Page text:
He started with the parents; there were no questions asked about how they feel about their daughter or what their family was like before she began having anger issues. Rather, it began with immediate criticism of them as people. Granted, they both needed a bit of a reality check, but it seemed that Dr. Phil wasn’t even focused on shaping them to become better parents. He simply just ranted on about how horrible of people they both are. There were no suggestions to help them deal with Kristi or fix their own marriage, he did not offer them any true solutions to put their family back together. This confused me because… isn’t that what psychologists are supposed to do? Find solutions? Help fix those who come to them? Be compassionate? No? Oh, okay.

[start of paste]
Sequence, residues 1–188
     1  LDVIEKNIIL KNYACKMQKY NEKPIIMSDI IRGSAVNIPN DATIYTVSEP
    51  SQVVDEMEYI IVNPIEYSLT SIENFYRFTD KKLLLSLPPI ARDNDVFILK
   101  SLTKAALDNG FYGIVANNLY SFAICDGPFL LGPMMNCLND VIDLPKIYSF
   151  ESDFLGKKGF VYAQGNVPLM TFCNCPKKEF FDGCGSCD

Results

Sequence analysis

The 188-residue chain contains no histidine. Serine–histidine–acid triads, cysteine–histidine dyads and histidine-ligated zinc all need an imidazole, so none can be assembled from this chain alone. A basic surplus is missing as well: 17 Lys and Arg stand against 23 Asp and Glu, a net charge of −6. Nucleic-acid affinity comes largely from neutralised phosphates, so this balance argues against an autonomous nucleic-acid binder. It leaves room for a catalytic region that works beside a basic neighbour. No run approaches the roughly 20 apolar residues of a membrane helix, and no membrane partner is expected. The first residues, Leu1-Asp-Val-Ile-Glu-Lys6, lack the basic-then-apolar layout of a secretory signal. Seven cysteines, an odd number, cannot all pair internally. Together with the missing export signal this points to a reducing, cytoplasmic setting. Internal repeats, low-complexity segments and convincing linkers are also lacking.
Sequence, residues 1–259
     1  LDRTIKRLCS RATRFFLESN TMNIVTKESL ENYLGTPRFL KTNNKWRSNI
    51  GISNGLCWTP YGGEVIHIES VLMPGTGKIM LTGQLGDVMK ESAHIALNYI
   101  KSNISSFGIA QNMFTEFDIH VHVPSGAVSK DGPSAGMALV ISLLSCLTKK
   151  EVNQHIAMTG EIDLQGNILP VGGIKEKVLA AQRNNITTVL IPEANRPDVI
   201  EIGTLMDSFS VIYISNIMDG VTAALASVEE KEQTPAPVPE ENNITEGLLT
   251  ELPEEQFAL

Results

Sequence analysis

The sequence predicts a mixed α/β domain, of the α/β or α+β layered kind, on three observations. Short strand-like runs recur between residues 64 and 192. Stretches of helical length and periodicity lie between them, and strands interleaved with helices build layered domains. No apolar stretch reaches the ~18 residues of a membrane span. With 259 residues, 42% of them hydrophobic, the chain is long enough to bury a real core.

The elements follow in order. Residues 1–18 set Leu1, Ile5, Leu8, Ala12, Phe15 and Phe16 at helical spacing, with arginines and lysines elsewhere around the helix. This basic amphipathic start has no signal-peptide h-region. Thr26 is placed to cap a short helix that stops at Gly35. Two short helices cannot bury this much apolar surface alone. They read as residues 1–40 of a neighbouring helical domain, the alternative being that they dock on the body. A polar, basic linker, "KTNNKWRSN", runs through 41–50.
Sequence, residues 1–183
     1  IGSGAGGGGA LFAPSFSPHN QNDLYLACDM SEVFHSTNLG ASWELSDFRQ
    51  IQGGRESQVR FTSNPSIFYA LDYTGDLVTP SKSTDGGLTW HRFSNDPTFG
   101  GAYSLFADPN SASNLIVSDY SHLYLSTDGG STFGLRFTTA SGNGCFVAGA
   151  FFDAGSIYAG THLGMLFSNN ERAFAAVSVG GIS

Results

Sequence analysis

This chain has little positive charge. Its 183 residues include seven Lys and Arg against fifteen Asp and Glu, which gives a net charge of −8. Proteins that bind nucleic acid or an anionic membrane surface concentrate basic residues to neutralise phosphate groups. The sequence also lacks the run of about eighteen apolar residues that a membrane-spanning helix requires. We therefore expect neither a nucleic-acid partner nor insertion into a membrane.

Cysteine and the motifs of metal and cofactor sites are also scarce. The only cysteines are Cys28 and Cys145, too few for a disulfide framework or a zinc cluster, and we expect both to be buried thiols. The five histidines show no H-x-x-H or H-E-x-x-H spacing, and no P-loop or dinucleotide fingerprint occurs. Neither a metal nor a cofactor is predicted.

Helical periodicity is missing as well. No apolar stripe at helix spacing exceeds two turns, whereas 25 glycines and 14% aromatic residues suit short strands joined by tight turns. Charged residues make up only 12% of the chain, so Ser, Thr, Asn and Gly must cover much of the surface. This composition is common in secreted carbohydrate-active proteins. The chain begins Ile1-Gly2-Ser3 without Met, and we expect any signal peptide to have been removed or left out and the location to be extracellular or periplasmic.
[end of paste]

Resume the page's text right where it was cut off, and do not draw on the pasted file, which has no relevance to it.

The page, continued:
Up next was Kristi. Here’s the deal: she has some serious anger problems, she’s disgustingly disrespectful, and does not seem to respect others or herself. I definitely think she needs some help. However, putting her on national TV with an audience waiting for something to make fun of her for and an asshole telling her every bad quality she has is NOT going to accomplish anything. Throughout the entire interview, he was in her face telling her how awful of a person she is. What made it even worse was that he did attempt to offer up a solution – he told the parents to ship her off to an isolated ranch in Utah, and to not allow her any say in the matter. This has to be one of the most ridiculous things I have ever heard.